America has made a lot of progress under President Barack Obama to improve the rights our LGBTQ community.
Last year marked the landmark Supreme Court ruling, which finally made marriage equality the law of the land in all 50 states.
This is a monumental achievement and it follows the growing acceptance of the LGBT community – something also signified by the fact that many straight allies and many companies have turned their social media icons ‘rainbow’ in support.
However, it’s not the be all and end all of the LGBT rights movements and much needs to be done.
For example, While President Obama did recently signed an executive order that banned federal agencies and contractors from discriminating based on sexual orientation or gender identity, that doesn’t include everyone.
But there have been set back. The fight over transgender bathroom access is still on-going, employees can still be fired for being gay in 27 states, and last month’s tragic shooting at an LGBTQ nightclub in Orlando showed the nation that the battle for equality is far from over.
Both presidential candidates have attempted to paint themselves as champions of the LGBTQ community.
But where do they actually stand on the issues?
Democratic presidential nominee Hillary Clinton has been an outspoken advocate for LGBT rights for several years, and she has received the endorsement of the Human Rights Campaign, one of the nation’s largest LGBTQ advocacy groups.
— Hillary Clinton (@HillaryClinton) July 26, 2016
As secretary of state, she fought for greater benefits for LGBTQ diplomats at the State Department and greater recognition of gay rights around the world.
During a 2011 speech in Geneva, Switzerland, to mark International Human Rights Day, Clinton said
Gay rights are human rights, and human rights are gay rights.”
Gay rights are human rights and human rights are gay rights. Being LGBT does not make you less human.https://t.co/JkWZto9fz9
— Hillary Clinton (@HillaryClinton) June 20, 2016
If elected, Clinton has already said she would support federal legislation to ban all discrimination on the basis of gender identity or sexual orientation, according to her campaign website.
She says she would also make it easier for people to change their gender on official documents, take measures to support LGBTQ elders and youth, and work to promote LGBTQ rights worldwide.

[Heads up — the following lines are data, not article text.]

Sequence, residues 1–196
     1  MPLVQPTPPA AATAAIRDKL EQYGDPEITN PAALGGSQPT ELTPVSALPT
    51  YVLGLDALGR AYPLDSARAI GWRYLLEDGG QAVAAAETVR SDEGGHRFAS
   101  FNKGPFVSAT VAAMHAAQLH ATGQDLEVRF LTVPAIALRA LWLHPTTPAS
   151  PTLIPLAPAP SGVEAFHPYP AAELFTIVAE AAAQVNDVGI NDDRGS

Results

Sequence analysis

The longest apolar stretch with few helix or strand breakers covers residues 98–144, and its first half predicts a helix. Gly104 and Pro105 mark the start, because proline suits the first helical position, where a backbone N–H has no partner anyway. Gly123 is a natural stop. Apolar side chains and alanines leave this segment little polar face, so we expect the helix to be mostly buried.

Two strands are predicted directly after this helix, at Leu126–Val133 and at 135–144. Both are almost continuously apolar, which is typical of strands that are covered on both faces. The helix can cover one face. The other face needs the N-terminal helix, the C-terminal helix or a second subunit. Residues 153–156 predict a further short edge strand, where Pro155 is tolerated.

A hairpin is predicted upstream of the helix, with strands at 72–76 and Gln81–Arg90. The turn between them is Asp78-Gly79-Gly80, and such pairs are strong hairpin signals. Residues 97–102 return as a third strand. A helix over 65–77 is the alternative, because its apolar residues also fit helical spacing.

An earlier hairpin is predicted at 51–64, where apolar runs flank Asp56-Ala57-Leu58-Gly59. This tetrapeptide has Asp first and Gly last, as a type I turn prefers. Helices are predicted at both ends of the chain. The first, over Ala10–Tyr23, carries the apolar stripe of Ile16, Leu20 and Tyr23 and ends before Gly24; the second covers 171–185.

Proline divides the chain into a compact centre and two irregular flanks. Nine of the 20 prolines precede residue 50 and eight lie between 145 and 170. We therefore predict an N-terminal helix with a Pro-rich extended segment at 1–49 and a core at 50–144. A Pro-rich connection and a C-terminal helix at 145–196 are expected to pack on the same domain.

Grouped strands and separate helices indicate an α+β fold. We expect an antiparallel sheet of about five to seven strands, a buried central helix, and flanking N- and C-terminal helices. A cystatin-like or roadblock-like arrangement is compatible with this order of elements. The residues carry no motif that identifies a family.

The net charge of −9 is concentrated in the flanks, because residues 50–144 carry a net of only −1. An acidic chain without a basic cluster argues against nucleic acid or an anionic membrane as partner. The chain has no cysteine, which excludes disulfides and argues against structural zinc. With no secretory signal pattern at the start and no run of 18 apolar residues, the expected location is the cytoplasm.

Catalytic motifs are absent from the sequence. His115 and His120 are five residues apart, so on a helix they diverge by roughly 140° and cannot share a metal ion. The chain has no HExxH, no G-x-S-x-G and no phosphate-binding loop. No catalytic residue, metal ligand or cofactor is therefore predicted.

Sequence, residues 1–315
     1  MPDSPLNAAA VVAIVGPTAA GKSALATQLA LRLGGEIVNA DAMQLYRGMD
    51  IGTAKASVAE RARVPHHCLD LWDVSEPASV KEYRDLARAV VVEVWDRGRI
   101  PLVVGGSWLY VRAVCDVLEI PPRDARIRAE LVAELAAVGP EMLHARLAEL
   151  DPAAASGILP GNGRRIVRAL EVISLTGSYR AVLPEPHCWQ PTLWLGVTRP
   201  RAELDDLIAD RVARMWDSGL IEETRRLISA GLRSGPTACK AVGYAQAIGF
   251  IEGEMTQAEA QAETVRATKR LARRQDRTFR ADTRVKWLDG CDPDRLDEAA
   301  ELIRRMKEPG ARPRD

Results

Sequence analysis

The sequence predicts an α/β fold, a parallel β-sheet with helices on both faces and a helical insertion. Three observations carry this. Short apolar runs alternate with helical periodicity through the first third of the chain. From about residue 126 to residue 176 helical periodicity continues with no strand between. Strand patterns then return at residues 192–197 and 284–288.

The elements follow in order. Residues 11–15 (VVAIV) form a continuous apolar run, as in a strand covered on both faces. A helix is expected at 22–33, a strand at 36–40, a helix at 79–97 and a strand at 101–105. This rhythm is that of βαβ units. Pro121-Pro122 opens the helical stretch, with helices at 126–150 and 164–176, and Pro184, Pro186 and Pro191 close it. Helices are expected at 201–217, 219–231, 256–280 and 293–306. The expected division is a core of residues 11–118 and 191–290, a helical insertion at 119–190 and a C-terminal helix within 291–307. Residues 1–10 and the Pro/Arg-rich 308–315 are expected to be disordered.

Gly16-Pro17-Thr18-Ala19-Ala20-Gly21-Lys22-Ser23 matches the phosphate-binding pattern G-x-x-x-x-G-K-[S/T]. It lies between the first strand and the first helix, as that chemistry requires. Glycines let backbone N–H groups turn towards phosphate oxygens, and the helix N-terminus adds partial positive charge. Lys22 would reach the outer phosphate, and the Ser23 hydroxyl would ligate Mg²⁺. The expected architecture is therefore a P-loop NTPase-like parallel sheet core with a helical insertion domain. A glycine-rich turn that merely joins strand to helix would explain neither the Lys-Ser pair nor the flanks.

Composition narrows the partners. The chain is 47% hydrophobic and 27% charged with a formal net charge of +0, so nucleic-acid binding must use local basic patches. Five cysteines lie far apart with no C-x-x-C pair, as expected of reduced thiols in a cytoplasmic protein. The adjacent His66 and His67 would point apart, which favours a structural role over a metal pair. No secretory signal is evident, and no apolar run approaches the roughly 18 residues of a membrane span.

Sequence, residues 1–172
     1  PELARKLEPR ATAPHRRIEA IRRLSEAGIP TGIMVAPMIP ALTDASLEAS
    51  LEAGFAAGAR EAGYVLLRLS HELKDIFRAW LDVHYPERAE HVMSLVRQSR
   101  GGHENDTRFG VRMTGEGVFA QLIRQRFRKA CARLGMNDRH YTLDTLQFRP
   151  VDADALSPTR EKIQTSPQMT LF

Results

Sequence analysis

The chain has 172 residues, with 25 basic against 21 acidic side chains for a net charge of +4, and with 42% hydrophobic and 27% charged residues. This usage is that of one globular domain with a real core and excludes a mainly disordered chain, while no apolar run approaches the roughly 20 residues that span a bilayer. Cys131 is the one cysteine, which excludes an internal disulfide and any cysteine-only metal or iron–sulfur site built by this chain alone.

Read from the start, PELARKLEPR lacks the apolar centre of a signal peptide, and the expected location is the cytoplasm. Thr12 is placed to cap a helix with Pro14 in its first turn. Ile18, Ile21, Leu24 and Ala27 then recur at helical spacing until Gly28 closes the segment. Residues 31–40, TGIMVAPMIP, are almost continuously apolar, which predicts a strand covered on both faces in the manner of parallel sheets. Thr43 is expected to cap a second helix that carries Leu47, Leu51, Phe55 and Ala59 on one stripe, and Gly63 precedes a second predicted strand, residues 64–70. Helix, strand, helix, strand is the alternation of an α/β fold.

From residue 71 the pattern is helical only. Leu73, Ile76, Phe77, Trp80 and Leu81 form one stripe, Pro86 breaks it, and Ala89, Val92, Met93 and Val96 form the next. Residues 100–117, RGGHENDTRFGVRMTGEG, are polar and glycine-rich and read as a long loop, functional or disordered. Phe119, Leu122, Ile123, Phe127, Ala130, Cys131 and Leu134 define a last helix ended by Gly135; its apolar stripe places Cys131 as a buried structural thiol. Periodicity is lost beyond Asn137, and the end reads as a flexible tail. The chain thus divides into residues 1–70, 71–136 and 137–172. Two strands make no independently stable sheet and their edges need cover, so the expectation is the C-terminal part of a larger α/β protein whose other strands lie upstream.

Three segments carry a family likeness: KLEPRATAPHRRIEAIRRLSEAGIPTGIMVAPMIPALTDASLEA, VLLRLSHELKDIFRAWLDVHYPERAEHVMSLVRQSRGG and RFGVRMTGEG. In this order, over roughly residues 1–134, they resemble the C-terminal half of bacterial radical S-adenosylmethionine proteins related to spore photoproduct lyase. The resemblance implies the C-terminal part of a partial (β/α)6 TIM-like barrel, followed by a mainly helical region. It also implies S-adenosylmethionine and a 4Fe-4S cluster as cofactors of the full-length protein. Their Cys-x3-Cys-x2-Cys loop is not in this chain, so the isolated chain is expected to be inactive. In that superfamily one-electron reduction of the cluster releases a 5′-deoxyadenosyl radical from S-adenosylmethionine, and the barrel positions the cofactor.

However, some gay-rights activists have criticized Clinton for coming around on the issue relatively late — neither she nor Obama fully supported same-sex marriage during the 2008 presidential campaign.
Others have questioned where Clinton stood on the issue when her husband, former President Bill Clinton, helped put two important anti-gay policies in place in the 1990s.
Her vice-presidential candidate, Virginia Senator Tim Kaine, has had a long evolution on gay rights.
Like Obama and Clinton herself, Kaine long opposed same-sex marriage, preferring rights for same-sex couples that fell short of full marriage.
But he his views have changed, and one of his first executive actions as governor of Virginia banned workplace discrimination based on sexual orientation (that part of the non-discrimination policy was later repealed by his successor, Republican Bob McDonnell).
Sarah Kate Ellis, president of the LGBTQ advocacy group GLAAD, explains,
We’ve seen our own family and friends evolve around us, so it’s not out of context to see a politician evolve as well.”
Human Rights Campaign president Chad Griffin also added;
Having proven time and time again that they have the experience, determination, and leadership needed to move equality forward for all Americans, we are confident Clinton and Kaine will tear down the walls of discrimination that hold all of us back. The stakes for LGBTQ people in this election couldn’t be higher, and the choice for pro-equality voters couldn’t be clearer.”
So now we move to Donald Trump – a man who is to the left of many Republicans on LGBTQ rights, but that doesn’t necessarily make him an ally of our community.
Since the horrific shooting at an LGBTQ nightclub in Orlando last month, Trump has promoted himself as the LGBTQ community’s best hope in this election.
The shooter, 29-year-old Omar Mateen, who was born in the United States, had been investigated by the FBI for ties to terrorism and pledged allegiance to an Islamic terrorist group during the attack.
In his speech to the Republican National Convention earlier this month, Trump said,
As your President, I will do everything in my power to protect our LGBTQ citizens from the violence and oppression of a hateful foreign ideology, believe me.”
Donald Trump's RNC speech was a watershed moment for the GOP and LGBTQ community, but is it enough?https://t.co/DmrzmzBf2y
— Vox (@voxdotcom) July 22, 2016
However, many of Trump’s policy positions tell a different story. He’s said that if elected president, he would consider appointing Supreme Court justices who would overturn marriage equality.
Trump’s position on transgender bathroom access has shifted at different times in the campaign.
And he has a history of making questionable comments about LGBTQ people.
That leaves many feeling that Trump’s record on LGBTQ rights is mixed, at best.
As for his running mate, Indiana Governor Mike Pence, he signed anti-gay legislation that makes many kinds of discrimination legal across his state.
Full support there then – not really.
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